Knuckleballers aren’t regular people. They exist on the fringes of baseball, practising their dark arts and witchery well beyond the age at which normal, human, pitchers have moved on. They are an eccentric bunch of quasi-athletes performing a job that stretches the word “athlete” beyond all credulity.
This is a strange clan indeed. So ripe for anthropology are the knuckleballers that awkward rounds of golf are arranged between generations of practitioners so some bro from the New York Times stalk them around the course, recording their learned witticisms and bizarre ancient customs for posterity.
Sadly, it appears the most senior active member of the Super Fun Knuckle Gang, Tim Wakefield, might be on his way out of baseball.
The Red Sox have some issues facing their rotation but new GM Ben Cherington remains “non-committal” on free agent Tim Wakefield donning the Red Sox colours in 2012. Via the Boston Globe: “‘I think we owe it to Tim to be able to present to him exactly what the opportunity would be, if any,’ he said.” As ole Petey Abe notes in the original post, the “If Any” proviso is the dagger here.
Tim Wakefield struggled and squirmed his way to 200 career victories this season, certainly a commendable accomplishment for a pitcher on a perennially excellent team like the BoSox. But Tim Wakefield is 45 years old. FORTY-FIVE!
Wakefield’s career is an unqualified success. He pitched for approximately 35 years, logging more than 3000 innings on the hill. He was mostly healthy as a pitcher, missing time with back woes and the odd shoulder ailment here and there. He represents the quintessential innings-eater for the Sox, pitching out of the bullpen when required, even serving briefly as the team’s closer in 1999. His most important task is to just pitch. Bad, good, or indifferent – just record as many outs as possible when we need you.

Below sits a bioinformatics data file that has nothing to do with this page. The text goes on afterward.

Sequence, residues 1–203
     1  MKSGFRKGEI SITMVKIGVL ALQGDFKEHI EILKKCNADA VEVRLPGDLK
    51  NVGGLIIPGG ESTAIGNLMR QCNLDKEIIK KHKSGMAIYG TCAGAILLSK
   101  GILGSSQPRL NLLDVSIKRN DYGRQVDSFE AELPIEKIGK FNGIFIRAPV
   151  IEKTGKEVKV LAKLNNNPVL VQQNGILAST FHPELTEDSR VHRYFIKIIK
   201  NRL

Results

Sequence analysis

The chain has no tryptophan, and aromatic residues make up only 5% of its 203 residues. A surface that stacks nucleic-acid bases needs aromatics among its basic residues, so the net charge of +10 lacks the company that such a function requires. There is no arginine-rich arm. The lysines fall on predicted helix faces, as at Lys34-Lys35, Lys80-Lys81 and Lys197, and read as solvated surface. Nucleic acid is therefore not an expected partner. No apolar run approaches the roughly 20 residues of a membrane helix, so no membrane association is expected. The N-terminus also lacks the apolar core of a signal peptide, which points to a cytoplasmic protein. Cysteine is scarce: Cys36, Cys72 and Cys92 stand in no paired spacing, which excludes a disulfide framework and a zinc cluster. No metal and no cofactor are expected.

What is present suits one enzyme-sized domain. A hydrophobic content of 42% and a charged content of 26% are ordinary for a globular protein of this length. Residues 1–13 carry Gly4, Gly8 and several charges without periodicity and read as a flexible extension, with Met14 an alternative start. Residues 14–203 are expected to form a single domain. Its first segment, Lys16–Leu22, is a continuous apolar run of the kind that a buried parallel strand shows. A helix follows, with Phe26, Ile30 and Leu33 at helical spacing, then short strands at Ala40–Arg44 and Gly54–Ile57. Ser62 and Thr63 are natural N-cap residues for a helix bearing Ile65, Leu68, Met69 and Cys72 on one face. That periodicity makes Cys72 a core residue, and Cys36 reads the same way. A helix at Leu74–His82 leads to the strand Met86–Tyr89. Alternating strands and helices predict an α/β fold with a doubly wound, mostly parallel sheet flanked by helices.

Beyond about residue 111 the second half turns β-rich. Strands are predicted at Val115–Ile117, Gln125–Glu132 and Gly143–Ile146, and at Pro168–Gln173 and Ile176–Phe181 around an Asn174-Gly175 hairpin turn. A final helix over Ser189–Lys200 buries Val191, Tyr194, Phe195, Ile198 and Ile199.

But with the Sox looking all but disinterested in Wakefield’s services for another year, it looks like his career might finally be over. Would another team take a risk on a player due to turn 46 in August? He hasn’t missed time due to injury since he underwent back surgery in 2009, maybe a large-ballparked NL West team might take a chance on the veteran (Brian Sabean’s ears just pricked up.)
Though his agent suggests Wakefield is open to the idea of pitching elsewhere, he admits it would be “a shame” if Wake plied his trade anywhere but Beantown. Does anyone serious believe Wakefield wants to take his show on the road at this advanced stage of his life? If the Sox aren’t interested, Wakefield will likely retire to an unassuming bog in Central Florida where he can live our hit dreams of long, luxurious finger nails and really, actually letting himself go.
If this is the end, congrats Tim. Your career Wins Above Replacement may be among the lowest for pitchers with at least 3000 career innings, at least you aren’t Livan Hernandez. Remember that, my friend.